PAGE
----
Chaucer English translation

July 31, 2016
The First Translation of

When this miracle had been entirely told, everyone was rather sober, until our Host began to jest, and then for the first time he looked on me and said, "What sort of man are you? You look as if you are hoping to find a hare? I always see you staring at the ground. Come nearer and look up merrily. Now make way, sirs, and give this man room! His waist is shaped as well as mine, small and fair of visage; he would be a little doll for any woman to embrace in her arms, small and fine in face. He seems elf-like in his countenance, for he is sociable with no creature. Now tell us something, as other people have done. Tell us now a tale of mirth." 706

"Host, " I said, "do not be displeased, for certainly I know no other tale but a rhyme that I learned long ago." 709

"Yes, that is good, " he said. "Now it seems to me by his face we shall hear some excellent thing." 711

Here begins Chaucer's Tale of Thopas.

The First Fit

"Listen, lords, with good will, and truly I will tell you of mirth and joy, all of a knight, fair and noble in battle and tournament, Sir Thopas was his name. 717

Born he was in a far country, beyond the sea, in Flanders, at Poppering in the manor-house. His father stood in high degree, by God's grace lord of that country. 723

Sir Thopas grew into a spirited swain, with a face as white as wheaten bread and lips as red as a rosebud. His hue was like deeply-dyed scarlet cloth, and I tell you of a truth he had a seemly nose. 729

Like saffron was his hair and his beard, which reached to his girdle. His shoes were of Cordovan leather and his brown hose from Bruges. His robe was a rich silken material which cost many half-pennies. 735

He could hunt wild deer and ride along the river hawking, with a gray goshawk on his hand. He was a good archer as well and he had no peer at wrestling, wherever a ram was staked as the prize. 741

Many a maiden, bright in her bower, mourned for love of him when she had better have slept; but he was chaste, and not a lecher, and sweet as a flower of the thorn that bears the red hip. 747

One morning it so happened that Sir Thopas would ride forth, and he got upon his gray steed, in his hand a lance, and a long sword by his side. 753

Through a fair forest he spurred, where many wild beasts were, yes, both bucks and hares; but as he rode south and rode north, I tell you a sorry chance had nearly happened to him. 759

There sprung herbs great and small, the licorice and ginger and many a clove and nutmeg to put in ale, whether fresh or old, or to put away in a box. 765

The birds, the sparrow-hawk and the popinjay, sang, and without a doubt that was a joy to hear; the male thrush as well made his ditty, and the wood-dove on the branch sang loud and clear. 771

Sir Thopas fell into love-longing when he heard the singing of the thrush, and spurred on like a madman; his fair steed sweated so with the spurring that one might have wrung out water, and his sides were all bloody. 777

Sir Thopas too was so weary from riding over the soft grass, so fiery was his spirit, that he laid him down in that place and rested his charger and let him feed. 783

"Oh St. Mary, God bless you! What ails this love to bind me so sore? By God, I dreamed all the night long that an elf-queen shall be my love and sleep under my cloak. 789

"I will truly love an elf-queen, for in this world is no woman worthy to be my mate; I renounce all other women, and I will take myself over dale and hill to an elf-queen." 796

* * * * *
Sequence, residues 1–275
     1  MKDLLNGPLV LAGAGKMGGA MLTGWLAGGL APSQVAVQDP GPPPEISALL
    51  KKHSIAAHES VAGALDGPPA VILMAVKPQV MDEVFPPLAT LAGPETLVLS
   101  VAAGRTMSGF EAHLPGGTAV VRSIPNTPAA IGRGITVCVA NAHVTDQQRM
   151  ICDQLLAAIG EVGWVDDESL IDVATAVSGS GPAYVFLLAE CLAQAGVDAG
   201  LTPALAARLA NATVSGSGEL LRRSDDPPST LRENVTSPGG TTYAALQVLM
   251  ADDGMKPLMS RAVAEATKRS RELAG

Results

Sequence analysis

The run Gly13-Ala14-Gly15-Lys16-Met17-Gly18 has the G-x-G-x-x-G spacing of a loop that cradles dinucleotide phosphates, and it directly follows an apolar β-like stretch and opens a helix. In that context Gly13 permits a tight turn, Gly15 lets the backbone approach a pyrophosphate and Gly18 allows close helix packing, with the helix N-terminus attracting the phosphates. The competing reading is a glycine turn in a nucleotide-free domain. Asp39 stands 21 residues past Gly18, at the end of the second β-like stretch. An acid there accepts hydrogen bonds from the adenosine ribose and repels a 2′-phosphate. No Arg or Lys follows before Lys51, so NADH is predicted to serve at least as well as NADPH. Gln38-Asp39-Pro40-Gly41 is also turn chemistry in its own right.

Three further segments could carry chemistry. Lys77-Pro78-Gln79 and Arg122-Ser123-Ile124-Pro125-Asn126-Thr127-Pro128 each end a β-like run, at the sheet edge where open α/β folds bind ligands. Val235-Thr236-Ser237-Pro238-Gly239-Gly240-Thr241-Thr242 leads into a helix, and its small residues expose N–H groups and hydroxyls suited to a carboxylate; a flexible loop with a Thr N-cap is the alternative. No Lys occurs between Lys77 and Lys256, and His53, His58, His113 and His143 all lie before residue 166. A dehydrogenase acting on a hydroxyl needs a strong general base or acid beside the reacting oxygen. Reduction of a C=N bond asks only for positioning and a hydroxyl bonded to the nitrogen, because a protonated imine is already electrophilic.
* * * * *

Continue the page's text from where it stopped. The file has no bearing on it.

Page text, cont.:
He climbed straight into his saddle and spurred over stile and stone to find his elf-queen; until he found in a secret retreat the Fairy Land so wild; for there was no other who dared to ride into that country. 806

At length came a great giant, Sir Elephant by name, a perilous man in his deeds, and said, "Young knight, by Mohamed, unless you spur out of my haunt, I will slay your charger with my mace. Here dwells the queen of Fairy Land with harp, and pipe and tabor." 816

The knight replied, "As I hope for bliss, tomorrow I will meet you when I am in armor. And I hope, by my faith, you shall yet very bitterly pay for it by this lance's point. I will thrust through your maw, I trust, before prime of day; and here shall you be slain." 826

Sir Thopas drew back quickly. The giant cast stones at him from a fierce staff-sling; but Child Thopas escaped, entirely through God's grace and his own noble bearing. 832

[The Second Fit]

Yet listen to my tale, lords, that is merrier than the nightingale, for I will whisper to you how Sir Thopas, with his slender flanks, spurred over hill and dale and came to town again. 838

His merry men he told to make glee and jollity, for he must fight a giant with three heads; all for the love and joy of one who shines fair. 844

"Call here my minstrels, to recite tales while I arm myself; and royal romances, of popes and cardinals and of love-longing!" 850

First they fetched him sweet wine and mead in a wooden bowl; royal spicery, gingerbread and licorice and cumin with excellent sugar. 856

Next to his white flesh he donned breeches and a shirt of fine clear linen, and over his shirt a quilted tunic and over that a coat of mail to save his heart from piercing. 862

Over that he wore a hauberk of strong plate, all of Jews' work, and his coat of armor white as a lily. 868

His shield was all of red gold, and bore a red gemstone and a boar's head. There he swore by bread and ale how that the giant should die, come what may! 874

His leg armor was of hard leather, the sheath of his sword of ivory, and his helmet bright and brazen, his saddle of whale-ivory, his bridle shone like the sun or as the moonshine. 880

His spear was of fine cypress and boded war, and no peace, with its head ground sharp. His steed was dapple-gray and went a soft and gentle amble all through the land. 887

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